Summary

(March 2007) When where you born? How many brothers and sisters did you have? Where did your ancestors live? How long will you live?

The answers to such questions are the core of demography. While many people think of demography as a kind of dry social accounting—or as a key variable for marketing campaigns—demographer Joe McFalls claims that people develop a fascination with demography when they learn how it relates to their own lives and backgrounds. "Indeed," he says, "if people are not interested in demographic phenomena, they are not interested in themselves."

Demography, or more generally, population studies, is the study of human populations: their size, composition, and distribution, as well as the causes and consequences of changes in these characteristics. Demography is clearly a discipline because it is a field with its own body of interrelated concepts, techniques, journals, departments, and professional associations. It is also an interdisciplinary field because it draws from many disciplines, including sociology, economics, biology, geography, history, and the health sciences.

Populations are never static. They grow or decline through the interplay of three demographic processes: birth, death, and migration. If some groups within a population grow or decline faster than others, the composition of the whole is altered.

In the newest edition of "Population: A Lively Introduction," McFalls introduces the basics of population studies in a way that everyone can understand. He explains how to calculate the total fertility rate (TFR)—the average number of children a woman will have given current birth rates—but also reviews the social and biological factors that affect when women have children and how many they will have. Cultural attitudes—for example, about when young people can engage in sex, whether to use birth control, how long to breastfeed a baby, and when women should or should not have babies—affect the TFR.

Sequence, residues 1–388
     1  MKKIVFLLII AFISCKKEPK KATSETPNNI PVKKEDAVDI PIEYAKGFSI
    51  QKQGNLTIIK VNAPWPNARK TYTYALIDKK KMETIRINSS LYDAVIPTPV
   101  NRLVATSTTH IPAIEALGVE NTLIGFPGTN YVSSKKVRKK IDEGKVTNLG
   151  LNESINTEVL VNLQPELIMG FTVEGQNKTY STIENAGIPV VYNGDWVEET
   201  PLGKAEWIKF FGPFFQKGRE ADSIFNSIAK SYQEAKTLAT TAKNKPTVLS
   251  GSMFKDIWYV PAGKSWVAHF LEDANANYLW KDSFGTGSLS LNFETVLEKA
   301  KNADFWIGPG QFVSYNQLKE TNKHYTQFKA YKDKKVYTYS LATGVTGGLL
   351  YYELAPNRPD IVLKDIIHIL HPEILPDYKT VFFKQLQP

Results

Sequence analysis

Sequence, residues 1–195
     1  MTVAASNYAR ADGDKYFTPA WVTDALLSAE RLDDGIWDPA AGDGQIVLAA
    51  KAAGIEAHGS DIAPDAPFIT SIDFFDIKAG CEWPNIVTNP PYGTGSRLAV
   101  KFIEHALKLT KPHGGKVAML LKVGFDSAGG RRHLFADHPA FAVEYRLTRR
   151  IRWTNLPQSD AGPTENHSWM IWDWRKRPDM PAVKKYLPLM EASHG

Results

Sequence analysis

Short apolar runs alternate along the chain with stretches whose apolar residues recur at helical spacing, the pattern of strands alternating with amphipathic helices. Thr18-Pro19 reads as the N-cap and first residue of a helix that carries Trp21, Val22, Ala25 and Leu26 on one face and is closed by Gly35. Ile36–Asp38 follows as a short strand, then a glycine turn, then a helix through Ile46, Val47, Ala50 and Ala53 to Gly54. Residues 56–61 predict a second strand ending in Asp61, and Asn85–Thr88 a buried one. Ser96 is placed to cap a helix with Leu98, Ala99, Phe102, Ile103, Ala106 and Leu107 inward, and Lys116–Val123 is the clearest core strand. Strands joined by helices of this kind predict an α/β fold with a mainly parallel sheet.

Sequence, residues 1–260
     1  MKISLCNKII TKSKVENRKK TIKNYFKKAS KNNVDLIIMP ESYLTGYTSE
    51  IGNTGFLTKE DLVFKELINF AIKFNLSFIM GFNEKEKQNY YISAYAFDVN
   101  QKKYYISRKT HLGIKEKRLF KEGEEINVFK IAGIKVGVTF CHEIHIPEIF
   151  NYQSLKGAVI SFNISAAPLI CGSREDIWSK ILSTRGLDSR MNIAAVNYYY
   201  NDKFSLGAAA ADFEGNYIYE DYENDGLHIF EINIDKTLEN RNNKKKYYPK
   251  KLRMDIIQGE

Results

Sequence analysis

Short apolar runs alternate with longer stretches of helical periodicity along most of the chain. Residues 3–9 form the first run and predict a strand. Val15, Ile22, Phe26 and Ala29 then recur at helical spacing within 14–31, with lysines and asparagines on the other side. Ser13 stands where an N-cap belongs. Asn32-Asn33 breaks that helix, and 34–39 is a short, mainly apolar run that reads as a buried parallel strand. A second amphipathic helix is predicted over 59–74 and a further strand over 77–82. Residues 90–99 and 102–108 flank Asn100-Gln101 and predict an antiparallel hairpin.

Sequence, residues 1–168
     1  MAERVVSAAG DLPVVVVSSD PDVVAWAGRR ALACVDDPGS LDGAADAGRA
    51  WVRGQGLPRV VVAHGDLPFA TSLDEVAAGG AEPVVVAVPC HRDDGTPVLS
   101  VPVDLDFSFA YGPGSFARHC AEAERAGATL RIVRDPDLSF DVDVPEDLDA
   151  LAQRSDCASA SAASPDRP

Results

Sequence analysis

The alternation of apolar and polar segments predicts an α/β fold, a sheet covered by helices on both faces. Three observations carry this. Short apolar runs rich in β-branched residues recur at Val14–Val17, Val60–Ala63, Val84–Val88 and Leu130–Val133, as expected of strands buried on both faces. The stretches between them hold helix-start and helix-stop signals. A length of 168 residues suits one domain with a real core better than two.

Likewise, the study of mortality is more lively and less certain than it would seem. More and more people are living past age 100, but we don’t know what the upper limit to human life might be. No one has lived beyond 122 years and five months, as far as we know. And McFalls explains how the 2004 average life expectancy doesn't apply to any one person, because the chances of dying from any one thing change over a lifetime. Just as HIV/AIDS took the world by surprise as it devastated certain population groups and some entire countries, we might see unexpected medical breakthroughs that protect against HIV and slow aging.

McFalls discusses migration—the third big demographic variable—as well as key variables such as age structure that determine population size and change. He illustrates the relationship between slow population growth and aging, between immigration and ethnic composition, and he surveys the basic theories of population growth and change.

Updated with recent data, this new edition serves as a demography primer for anyone interested in the topic, which, according to McFalls, includes everyone.